# Thread: Calculate volume between two curves (on left side of y axis) rotate about the y-axis

1. ## Calculate volume between two curves (on left side of y axis) rotate about the y-axis

What is the volume of the solid lying between the curves y= x^2+2x-4 and g=2x-3 ( on the left side of the y-axis) and is rotated about y-axis.

3b.jpg

Your integral is almost good. $\pi$ seems to be missing.

Now what?

3. Originally Posted by tennisbossen
What is the volume of the solid lying between the curves y= x^2+2x-4 and g=2x-3 ( on the left side of the y-axis) and is rotated about y-axis.

3b.jpg
I presume the curves are supposed to be y=x^2+2x-4 and y=2x-3. But your work shows a function called f; what is that?

If you continue the way you are starting, f will have to be defined piecewise, so that your volume will be a sum of two integrals. That's doable, but messy.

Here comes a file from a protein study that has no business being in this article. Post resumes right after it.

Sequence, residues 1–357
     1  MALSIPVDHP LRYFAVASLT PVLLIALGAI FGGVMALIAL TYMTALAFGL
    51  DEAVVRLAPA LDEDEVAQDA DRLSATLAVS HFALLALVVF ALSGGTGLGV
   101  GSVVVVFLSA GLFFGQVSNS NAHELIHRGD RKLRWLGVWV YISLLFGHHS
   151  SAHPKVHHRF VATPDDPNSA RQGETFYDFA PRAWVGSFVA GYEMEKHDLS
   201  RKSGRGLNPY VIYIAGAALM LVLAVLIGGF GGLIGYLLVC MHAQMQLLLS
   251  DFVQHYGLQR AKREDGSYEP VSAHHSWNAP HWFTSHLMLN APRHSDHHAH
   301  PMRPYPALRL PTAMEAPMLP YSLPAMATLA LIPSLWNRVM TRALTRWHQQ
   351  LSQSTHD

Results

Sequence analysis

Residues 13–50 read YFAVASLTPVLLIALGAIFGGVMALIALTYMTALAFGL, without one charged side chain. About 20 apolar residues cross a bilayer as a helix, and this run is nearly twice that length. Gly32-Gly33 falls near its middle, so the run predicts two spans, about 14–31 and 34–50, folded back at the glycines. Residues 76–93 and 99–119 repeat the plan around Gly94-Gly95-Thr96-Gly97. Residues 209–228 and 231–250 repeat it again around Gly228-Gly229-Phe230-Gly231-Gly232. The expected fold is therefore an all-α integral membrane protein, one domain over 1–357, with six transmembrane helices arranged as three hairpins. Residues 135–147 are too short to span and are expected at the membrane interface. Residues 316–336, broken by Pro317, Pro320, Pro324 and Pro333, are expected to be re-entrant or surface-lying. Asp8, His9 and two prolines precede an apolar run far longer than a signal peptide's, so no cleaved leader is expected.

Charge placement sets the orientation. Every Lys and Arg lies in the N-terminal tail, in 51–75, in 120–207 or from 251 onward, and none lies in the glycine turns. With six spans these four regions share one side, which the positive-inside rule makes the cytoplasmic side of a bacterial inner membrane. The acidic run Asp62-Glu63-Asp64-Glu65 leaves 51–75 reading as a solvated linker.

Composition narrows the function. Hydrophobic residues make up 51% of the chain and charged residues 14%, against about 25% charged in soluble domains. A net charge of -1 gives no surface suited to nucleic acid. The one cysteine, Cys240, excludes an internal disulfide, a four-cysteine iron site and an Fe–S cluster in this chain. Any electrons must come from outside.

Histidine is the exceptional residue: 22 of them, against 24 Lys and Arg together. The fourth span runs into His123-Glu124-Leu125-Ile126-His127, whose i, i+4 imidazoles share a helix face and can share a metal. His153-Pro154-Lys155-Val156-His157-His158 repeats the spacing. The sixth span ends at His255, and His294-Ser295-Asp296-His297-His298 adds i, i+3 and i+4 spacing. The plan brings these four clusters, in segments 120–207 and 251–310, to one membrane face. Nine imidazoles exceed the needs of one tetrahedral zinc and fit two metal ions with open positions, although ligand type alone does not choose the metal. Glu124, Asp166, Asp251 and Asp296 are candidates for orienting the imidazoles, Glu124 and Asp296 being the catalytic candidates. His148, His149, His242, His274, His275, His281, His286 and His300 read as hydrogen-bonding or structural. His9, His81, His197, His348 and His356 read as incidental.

This region is more easily handled by integrating with respect to x rather than y as you show. Have you learned about the "cylindrical shell" method?

4. Originally Posted by tennisbossen
What is the volume of the solid lying between the curves y= x^2+2x-4 and g=2x-3 …
There are no solids lying between two curves in a plane.

What you're trying to ask is:

What is the volume obtained by rotating, about the y-axis, the region in Quadrant III lying between the curves

f(x) = x^2 + 2x - 4

g(x) = 2x - 3

I agree with Dr. Peterson. Integrating along the x-axis is much easier, using f(x)-g(x) for the height of each shell. This approach requires one integral.

If you want to use disks and integrate along the y-axis, instead, then you'll need to determine a function for the horizontal distance between the curves in terms of y (i.e., the radius of each disk, integrating from y=-5 to y=-4). You'll then need a different function for the horizontal distance between function g and the y-axis (i.e., the radius of each disk, integrating from y=-4 to y=-3). Inverse functions for f and g will help. This approach requires summing two integrals.